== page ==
Is Cornstarch Gluten Free?

Peggy Woodward, RDN has insight (and helpful hints) for a reader who wonders, "Is cornstarch gluten free?"

DEAR PEGGY: I have celiac disease, and I wonder if I can substitute cornstarch in recipes that call for flour. Is cornstarch gluten free? —H.P., Clifton Park, New York

It’s now estimated that one in every 133 Americans has celiac disease, an immune response to the gluten found in wheat, barley and rye. For celiac sufferers, eating gluten-filled foods can damage intestines and affect nutrient absorption. (Feeling bloated? Here’s what happens when you go gluten free for two weeks.)

Corn doesn’t contain gluten, so you can substitute cornstarch in sauces and soups that use flour as a thickener. But there are a few things to remember:

  • Cornstarch is a more powerful thickener than flour, so you’ll need less. Start with half as much cornstarch for the flour listed in the recipe.
  • Cornstarch breaks down faster than flour, so it must be added at the end of cooking. Combine cornstarch with cold water until smooth and stir into the sauce or soup. Bring to a boil; cook and stir until thickened.
  • Sauces and soups thickened with cornstarch that are chilled and reheated may not maintain the same consistency as when they’re fresh.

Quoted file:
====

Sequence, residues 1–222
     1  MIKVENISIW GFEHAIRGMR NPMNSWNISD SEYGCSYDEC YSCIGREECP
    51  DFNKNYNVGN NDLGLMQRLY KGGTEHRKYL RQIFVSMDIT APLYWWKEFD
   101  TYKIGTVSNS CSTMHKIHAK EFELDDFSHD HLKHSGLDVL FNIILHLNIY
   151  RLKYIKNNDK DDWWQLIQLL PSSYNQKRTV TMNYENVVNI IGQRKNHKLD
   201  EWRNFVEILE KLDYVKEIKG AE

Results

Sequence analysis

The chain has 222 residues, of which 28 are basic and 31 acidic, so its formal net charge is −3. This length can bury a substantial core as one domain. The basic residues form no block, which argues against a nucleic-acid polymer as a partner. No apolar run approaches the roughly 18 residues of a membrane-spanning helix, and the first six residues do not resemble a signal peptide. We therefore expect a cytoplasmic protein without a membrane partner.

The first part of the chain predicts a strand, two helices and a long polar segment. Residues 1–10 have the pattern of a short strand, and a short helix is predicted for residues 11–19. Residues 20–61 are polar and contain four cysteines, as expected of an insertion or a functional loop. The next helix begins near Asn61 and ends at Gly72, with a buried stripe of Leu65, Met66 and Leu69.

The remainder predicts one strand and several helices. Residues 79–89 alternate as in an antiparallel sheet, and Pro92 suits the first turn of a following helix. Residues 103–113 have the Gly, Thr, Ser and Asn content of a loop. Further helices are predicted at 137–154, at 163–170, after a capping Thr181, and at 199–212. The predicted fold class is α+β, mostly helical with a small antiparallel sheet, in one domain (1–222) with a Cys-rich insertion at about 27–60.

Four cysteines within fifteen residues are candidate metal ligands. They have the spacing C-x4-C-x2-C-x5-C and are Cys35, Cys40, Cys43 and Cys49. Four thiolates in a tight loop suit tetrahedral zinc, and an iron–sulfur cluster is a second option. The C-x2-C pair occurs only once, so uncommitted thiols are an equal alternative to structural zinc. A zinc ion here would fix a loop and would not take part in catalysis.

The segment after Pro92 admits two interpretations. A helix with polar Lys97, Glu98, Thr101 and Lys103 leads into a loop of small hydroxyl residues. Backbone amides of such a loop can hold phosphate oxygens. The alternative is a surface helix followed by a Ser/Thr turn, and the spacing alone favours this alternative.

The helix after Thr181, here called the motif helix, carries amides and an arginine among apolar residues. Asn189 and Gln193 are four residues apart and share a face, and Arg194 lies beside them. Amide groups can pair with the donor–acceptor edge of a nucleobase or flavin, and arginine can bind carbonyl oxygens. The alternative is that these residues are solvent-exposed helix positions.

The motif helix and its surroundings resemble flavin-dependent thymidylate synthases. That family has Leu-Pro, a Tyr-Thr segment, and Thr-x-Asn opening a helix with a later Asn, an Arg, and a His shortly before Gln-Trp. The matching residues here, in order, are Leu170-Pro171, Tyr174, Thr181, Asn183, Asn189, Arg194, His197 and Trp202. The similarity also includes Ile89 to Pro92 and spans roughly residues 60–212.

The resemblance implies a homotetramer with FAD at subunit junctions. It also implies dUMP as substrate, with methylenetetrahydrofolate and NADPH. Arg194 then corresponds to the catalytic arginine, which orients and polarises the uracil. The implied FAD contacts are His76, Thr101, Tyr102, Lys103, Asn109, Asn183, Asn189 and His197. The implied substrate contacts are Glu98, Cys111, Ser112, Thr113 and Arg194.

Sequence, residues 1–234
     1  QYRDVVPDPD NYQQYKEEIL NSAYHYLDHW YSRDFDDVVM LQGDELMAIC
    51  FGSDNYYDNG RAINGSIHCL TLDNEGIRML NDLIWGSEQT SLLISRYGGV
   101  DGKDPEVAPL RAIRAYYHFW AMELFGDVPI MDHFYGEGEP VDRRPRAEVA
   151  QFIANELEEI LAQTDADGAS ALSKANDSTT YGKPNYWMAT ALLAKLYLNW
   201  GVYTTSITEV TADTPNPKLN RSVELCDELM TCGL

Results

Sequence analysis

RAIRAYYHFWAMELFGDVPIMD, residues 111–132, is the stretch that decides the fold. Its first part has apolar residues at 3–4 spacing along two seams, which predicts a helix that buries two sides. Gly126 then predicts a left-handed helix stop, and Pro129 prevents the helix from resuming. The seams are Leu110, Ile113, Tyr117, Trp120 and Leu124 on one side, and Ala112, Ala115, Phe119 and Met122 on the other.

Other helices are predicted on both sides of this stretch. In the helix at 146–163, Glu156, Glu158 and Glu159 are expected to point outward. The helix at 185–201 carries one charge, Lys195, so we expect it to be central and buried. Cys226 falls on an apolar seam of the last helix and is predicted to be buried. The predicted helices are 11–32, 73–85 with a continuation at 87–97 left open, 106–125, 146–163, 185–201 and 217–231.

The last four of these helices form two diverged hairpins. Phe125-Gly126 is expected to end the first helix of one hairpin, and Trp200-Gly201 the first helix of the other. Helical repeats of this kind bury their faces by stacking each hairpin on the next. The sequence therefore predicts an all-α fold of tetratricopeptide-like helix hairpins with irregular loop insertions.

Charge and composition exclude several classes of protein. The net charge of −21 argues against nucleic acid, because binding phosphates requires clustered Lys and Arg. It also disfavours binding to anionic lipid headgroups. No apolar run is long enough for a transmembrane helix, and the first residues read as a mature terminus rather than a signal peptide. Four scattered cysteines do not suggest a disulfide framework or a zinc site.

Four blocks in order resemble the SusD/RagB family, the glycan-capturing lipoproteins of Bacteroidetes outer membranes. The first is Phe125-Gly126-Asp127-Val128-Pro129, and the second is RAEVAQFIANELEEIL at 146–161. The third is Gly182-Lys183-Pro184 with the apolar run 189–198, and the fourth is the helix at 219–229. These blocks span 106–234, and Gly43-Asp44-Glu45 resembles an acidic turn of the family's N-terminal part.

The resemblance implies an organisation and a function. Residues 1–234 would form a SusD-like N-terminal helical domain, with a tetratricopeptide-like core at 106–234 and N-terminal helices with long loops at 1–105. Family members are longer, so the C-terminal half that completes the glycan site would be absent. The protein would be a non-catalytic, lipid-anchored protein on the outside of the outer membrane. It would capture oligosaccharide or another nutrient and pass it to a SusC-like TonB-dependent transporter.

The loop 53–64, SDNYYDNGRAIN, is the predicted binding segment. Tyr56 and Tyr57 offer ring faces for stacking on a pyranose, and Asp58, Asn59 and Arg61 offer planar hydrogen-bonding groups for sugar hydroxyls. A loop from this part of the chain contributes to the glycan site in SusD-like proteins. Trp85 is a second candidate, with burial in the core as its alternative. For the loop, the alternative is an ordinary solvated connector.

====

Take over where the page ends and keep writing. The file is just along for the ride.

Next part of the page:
• You can use thickeners like arrowroot, too.
  • The protein in flour gives breads, cakes and baked goods their structure. Since cornstarch lacks this protein, it can’t be used as a substitute in baked goods. Experiment with rice, tapioca and buckwheat flour and fine cornmeal instead.
  • Many new gluten-free foods can be found on grocery store shelves. Look for gluten-free cake, bread and cookie mixes as well as the alternative products mentioned above.

Look out for 10 surprising foods that aren’t gluten free, though.

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Peggy Woodward, RDN
Peggy is a Senior Food Editor for Taste of Home. In addition to curating recipes, she writes articles, develops recipes and is our in-house nutrition expert. She studied dietetics at the University of Illinois and completed post-graduate studies at the Medical University of South Carolina to become a registered dietitian nutritionist. Peggy has nearly 20 years of experience in the industry. She’s a mom, a foodie and enjoys being active in her rural Wisconsin community.